In the Terai plains, people often start a fire to make the land ready for farming, burning away stems of all old crops in the area. Usually, most of these fires do not continue for more than a few days as winter rain douses the winter fire started around November and the pre-monsoon rain douses the fire started in early spring.
But, with no rain for over three months, fires have destroyed hectares of forest land currently. The westerly winds have also helped spread the fire around the country. The westerly winds, experts say, is also why Kathmandu valley has been engulfed in smoke.
Why can’t it be controlled?
Forest fires are not easy to control. California, Amazon and Australia are recent good examples where it took months to bring them under control. Ultimately, the fire was controlled thanks to the rain. Even though a forest fire in Chobhar of Kathmandu last Saturday was controlled before it got out of hands, thanks to the Armed Police Force, in other areas, things are not as easy. Most are remote Nepal does not have both skilled human resources and the technology to bring fires like these under control. A forest fire in Manang that started in November was burning for months destroyed over 700 hectares of forest. Even though a helicopter was used to douse a fire in Pathibara of Taplejung District, this was only done when the fire was about to reach the temple.
What damage does it do?
Apart from polluting the air, fire causes significant damage to wildlife. Even though many mammals escape the forest fire area, smaller mammals and reptiles cannot. That risks a lot of flora and fauna dying. The exact damage of the forest fire is yet to be determined, but under-secretary at the Department of Forest and Soil Conservation, Sundar Sharma says that a loss of forest areas up to over 200,000 hectares happens every year.
Why is it worse this year?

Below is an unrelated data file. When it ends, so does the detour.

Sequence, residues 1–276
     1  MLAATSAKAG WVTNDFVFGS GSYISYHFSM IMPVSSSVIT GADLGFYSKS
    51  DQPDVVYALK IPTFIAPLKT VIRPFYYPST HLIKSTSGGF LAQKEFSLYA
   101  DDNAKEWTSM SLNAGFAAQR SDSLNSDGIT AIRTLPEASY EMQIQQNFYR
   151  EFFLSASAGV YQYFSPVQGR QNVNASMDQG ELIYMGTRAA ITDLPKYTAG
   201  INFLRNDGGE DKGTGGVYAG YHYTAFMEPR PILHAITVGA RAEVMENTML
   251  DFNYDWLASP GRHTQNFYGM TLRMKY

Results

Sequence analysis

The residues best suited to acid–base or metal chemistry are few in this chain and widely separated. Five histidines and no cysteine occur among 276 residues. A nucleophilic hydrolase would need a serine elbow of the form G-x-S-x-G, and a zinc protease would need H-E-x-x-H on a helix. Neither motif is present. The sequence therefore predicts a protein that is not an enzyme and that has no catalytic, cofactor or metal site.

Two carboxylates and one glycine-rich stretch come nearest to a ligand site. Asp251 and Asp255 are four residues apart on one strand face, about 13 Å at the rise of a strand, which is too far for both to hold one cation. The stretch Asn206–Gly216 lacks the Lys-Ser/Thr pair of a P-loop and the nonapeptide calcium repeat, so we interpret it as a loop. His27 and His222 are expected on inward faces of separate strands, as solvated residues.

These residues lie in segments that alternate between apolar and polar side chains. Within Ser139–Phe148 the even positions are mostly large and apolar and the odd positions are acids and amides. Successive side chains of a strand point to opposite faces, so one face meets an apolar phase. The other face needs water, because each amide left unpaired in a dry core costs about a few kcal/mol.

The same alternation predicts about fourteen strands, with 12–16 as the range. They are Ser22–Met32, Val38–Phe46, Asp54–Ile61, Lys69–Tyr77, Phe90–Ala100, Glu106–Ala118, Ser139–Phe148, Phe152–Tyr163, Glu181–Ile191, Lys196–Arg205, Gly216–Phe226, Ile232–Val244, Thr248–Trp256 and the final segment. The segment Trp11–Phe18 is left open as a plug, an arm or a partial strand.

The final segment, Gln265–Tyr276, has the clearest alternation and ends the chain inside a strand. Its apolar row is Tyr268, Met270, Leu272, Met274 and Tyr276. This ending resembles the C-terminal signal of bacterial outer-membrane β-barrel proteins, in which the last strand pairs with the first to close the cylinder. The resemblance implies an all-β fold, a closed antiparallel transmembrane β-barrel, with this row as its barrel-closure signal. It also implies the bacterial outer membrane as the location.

The main reason is the lack of rain. Nepal, which saw a relatively dry and warm winter this year, received less than 20 per cent of normal rainfall in the season. Due to low rainfall that caused a drought-like situation, wildfires continued to rage on. This year has seen more wildfire incidents than the last four years combined, says Sharma. With the peak normally coming in April, government officials are worried about what is to come.
What are the major hotspots?
Chitwan, Makawanpur and Parsa have the highest forest fires in all of Nepal currently along with Sindhuli and Rautahat. On March 28 alone, 115 wildfire incidents were reported from 34 districts.
What does government say?
The government has remained mum on the issue. However, a team is being formed. The National Disaster Risk Reduction and Management Authority, the Home Ministry and the Ministry of Forests and Environment are working together to combat wildfires in the country. For now, most are hoping for rain to help douse the fire.
How can we solve?
The government currently has no idea how to douse the wildfires. Government officials say they are looking at options, but for now, all of them are looking towards the sky, praying for rain.
Fire control expert Kishor Kumar Bhattarai says that Nepal does not have the resources to control forest fires. He says that fire trucks cannot douse it on their own and he calls on the government to form a proper team that can plan for such disasters in the future.
He says the local communities who are dependent on the forest need to be made aware of the dangers of forest fires and many seem to have stopped caring about it. Having details of people who go into the forest is also necessary, says Bhattarai.
He further adds that volunteers need to be trained and deployed to fire-prone areas, especially during pre-spring.